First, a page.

The Bank has invested more than $150 million in building technology hubs in Rwanda, Senegal and Cabo Verde. The institution also runs collaboration and mentorship schemes to bring African entrepreneurs and investors together.

In a pre-recorded video, United Nations secretary-general Antonio Guterres said the “winds of hope are blowing across” Africa as economists from across the continent addressed raising cash for building roads, power plants and other infrastructure.

Guterres said the emergence of free trade areas across the continent offered “concrete opportunities for economic transformation”.

“Yet, challenges remain. Despite progress, new policies are needed to unleash the full potential of industrialisation, especially in this time of technological revolution,” Guterres said.

Acknowledging the “wide recognition that we are off track to achieve the goals by 2030,” UN’s deputy secretary-general Amina Mohammed said there had been a “clear renewal of commitment by leader after leader to implement the 2030 agenda” and that the two days of talks in New York marked a “turning point” in achieving the targets.

“This is absolutely critical to respond to challenges that affect all countries – poverty, gross inequalities, discrimination against women and girls, climate change, and a rapidly deteriorating natural environment,” said Mohammed.

The 17 Sustainable Development Goals (SDGs) were launched by the UN’s 193 member nations in 2015 in a bid to tackle conflict, hunger, land degradation, gender inequality, climate change, and other global ills, by 2030.


Read More
Kenya, Morocco tops the list of Africa’s avocado exporters
September 27, 2019 | 0 Comments
A trader selling avocados at Kangemi market in Nairobi. PHOTO | DENNIS ONSONGO| NMG

By Samuel Ouma |@journalist_27

Five months after Kenya struck a trade deal with China to export avocados to the Asian country, the East African country has been ranked third in the world in for the fruit exporting.

 Kenya is trailing Colombia and Morocco according to a 2019 half year survey disclosed at the ongoing World Avocado Congress in Medellin Colombia. The survey named Colombia number one country globally when it comes to fastest avocado export followed by Morocco and Kenya completed the list of top three nations.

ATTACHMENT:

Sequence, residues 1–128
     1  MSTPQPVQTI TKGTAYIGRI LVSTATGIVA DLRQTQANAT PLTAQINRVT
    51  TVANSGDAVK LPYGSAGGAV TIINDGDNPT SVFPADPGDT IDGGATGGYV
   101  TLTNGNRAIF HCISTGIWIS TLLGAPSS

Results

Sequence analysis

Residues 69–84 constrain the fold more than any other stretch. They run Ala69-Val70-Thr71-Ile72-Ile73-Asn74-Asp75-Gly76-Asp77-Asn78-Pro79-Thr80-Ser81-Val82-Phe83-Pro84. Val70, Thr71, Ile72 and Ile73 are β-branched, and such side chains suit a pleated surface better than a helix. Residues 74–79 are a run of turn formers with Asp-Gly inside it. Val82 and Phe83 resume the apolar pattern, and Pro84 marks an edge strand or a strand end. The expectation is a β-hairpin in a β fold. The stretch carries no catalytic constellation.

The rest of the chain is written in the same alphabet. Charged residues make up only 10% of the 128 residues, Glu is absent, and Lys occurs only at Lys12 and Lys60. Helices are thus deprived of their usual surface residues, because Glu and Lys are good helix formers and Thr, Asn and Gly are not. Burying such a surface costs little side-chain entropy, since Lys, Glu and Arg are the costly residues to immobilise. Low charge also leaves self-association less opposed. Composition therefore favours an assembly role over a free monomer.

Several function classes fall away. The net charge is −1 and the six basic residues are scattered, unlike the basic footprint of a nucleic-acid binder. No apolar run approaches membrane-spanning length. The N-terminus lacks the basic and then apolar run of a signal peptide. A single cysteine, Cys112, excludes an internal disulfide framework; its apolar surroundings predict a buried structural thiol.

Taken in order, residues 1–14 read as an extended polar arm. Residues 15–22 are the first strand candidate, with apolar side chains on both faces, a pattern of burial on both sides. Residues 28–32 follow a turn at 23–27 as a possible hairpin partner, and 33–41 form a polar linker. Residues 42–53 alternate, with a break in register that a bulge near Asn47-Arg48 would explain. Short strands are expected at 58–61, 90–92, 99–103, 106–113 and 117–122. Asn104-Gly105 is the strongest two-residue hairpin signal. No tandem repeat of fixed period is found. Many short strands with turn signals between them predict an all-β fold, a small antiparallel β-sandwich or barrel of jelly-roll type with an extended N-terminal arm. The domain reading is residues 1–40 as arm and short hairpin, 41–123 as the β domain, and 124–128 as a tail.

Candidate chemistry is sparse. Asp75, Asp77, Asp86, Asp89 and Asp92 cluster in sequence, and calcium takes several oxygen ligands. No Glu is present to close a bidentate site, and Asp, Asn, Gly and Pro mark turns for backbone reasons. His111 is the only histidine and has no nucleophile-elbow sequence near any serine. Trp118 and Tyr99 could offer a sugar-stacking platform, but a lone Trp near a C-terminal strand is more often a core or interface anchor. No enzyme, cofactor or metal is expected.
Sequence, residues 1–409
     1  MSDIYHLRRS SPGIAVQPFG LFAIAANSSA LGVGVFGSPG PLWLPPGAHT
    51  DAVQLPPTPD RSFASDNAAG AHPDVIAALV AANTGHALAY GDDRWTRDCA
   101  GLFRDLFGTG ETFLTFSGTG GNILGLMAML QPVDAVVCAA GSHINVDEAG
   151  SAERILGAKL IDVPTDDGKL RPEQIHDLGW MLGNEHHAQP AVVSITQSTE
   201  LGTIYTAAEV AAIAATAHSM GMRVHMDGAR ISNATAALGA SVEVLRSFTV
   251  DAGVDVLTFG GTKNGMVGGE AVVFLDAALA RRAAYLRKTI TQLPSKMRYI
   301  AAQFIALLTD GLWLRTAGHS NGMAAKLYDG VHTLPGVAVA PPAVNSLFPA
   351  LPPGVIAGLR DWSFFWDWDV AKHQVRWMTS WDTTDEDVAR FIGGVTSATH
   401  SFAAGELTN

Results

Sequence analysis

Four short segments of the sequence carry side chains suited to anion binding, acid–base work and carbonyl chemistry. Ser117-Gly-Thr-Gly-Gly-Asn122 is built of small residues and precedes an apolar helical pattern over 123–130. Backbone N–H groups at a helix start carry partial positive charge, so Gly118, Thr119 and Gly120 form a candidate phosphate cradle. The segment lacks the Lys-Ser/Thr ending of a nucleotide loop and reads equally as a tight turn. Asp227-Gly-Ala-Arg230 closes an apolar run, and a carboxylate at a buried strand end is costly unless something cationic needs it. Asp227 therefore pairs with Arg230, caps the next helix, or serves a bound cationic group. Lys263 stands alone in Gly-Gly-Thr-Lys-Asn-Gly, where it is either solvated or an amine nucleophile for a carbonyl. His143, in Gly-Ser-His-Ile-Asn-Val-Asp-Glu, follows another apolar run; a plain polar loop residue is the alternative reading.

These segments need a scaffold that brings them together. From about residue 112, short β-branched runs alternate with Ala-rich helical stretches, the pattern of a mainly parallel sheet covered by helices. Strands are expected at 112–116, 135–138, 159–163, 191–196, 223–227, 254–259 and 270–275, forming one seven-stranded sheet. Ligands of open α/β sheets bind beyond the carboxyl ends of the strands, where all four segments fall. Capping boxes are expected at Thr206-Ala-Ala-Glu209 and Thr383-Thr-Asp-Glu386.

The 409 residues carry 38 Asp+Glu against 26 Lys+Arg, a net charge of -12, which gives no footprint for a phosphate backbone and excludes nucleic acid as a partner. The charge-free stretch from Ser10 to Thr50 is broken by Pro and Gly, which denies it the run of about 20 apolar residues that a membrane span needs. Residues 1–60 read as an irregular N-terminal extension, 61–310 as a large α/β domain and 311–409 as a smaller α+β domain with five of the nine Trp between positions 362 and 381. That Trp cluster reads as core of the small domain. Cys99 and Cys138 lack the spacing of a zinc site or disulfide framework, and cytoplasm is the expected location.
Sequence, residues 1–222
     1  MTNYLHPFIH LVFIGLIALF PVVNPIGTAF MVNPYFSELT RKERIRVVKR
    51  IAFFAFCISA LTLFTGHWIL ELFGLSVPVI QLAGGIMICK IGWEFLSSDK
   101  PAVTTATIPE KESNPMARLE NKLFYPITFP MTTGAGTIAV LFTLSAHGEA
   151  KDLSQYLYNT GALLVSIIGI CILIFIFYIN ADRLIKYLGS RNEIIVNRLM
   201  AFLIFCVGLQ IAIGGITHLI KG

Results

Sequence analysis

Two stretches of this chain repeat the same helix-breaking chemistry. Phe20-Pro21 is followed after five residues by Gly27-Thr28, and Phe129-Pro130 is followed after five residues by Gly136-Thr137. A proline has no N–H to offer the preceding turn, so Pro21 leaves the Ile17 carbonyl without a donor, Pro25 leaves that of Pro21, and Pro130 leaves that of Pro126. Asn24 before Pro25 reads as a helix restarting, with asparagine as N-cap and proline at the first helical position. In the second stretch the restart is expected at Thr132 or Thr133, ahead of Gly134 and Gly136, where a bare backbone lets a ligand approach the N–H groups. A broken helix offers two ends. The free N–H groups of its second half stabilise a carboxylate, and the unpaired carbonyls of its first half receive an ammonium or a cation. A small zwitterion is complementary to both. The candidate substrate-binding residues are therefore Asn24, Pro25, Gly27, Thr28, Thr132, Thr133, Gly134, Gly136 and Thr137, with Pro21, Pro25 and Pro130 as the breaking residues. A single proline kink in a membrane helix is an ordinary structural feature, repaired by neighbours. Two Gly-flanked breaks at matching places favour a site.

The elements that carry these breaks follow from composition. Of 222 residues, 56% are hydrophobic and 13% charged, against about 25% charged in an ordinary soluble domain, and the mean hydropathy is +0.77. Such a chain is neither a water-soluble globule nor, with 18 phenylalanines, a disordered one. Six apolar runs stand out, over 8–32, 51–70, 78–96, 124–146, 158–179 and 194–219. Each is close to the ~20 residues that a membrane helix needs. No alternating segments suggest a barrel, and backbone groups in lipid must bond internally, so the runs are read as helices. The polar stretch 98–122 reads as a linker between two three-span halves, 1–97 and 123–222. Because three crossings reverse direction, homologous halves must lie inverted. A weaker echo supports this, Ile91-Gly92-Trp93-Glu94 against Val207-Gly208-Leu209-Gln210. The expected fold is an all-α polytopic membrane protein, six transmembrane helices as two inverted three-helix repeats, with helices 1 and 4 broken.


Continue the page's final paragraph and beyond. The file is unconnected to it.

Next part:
The 2019 survey shows that Kenya is on the right path in avocado farming. In a 2018 study, it emerged 7th in the list of leading exporters of avocados. Kenya was beaten by Mexico, Netherlands, Peru, Spain, Chile and USA.

Kenya is also represented at the Congress by delegates led by Governor Mwangi Wa Iria and it is set to submit its bid seeking to host the global conference in 2023. Central Kenya County, Murang’a is the largest producer of coffee as farmers across the country are encouraged to diversify agriculture by growing high value crops such as avocado.

“Colombia is among the fastes growing exporters . Touring avocado farms and learning from a three-day conference will equip us with strategies on growing of this fruit,” said one of the Kenyan delegates attending the summit.

China, US and Europe are the destinations of Kenya’s avocados.

Read More
African scientists map the genomic resources of the continent
September 27, 2019 | 0 Comments

By Wallace Mawire

Up to 300 African scientists have converged in Accra, Ghana, this week to map out progress of a multi-million, multi-country and multi-year genomic research programme to increase understanding of how human genes and the environment are contributing to Africa’s increased susceptibility to diseases.

The scientists, who are members of the Human Heredity and Health in Africa (H3Africa) consortium, a major genomics research programme established in 2010 by the African Society of Human Genetics (AfSHG),  Wellcome Trust and the National Institutes of Health (NIH), have made significant progress in using genetic, clinical and epidemiological tools to identify individuals and populations who are at risk for developing specific diseases. The hope is to contribute to efforts to reduce Africa’s high disease burden, which stands at 25 % of the global figures [World Bank]. The scientists will be presenting their findings at the 14th H3Africa Consortium meeting taking place in Accra from 23-27 September 2019 and will be opened by a representative from Ghana’s Ministry of Science and Technology.

Over the last 7 years, H3Africa investigators have been examining the relationship between genetic variation, environment, and health in African populations.  Genome scale data has been generated for over 50,000 research participants from across Africa.  These data will provide a clearer and more detailed understanding of the genetic diversity of Africans and new insight into the history of human migration in Africa.  It also has the potential to reveal some of the small differences in our genes that are influential in determining what makes Africa more susceptible or resistant to certain diseases and that can impact disease outcomes and response to treatment.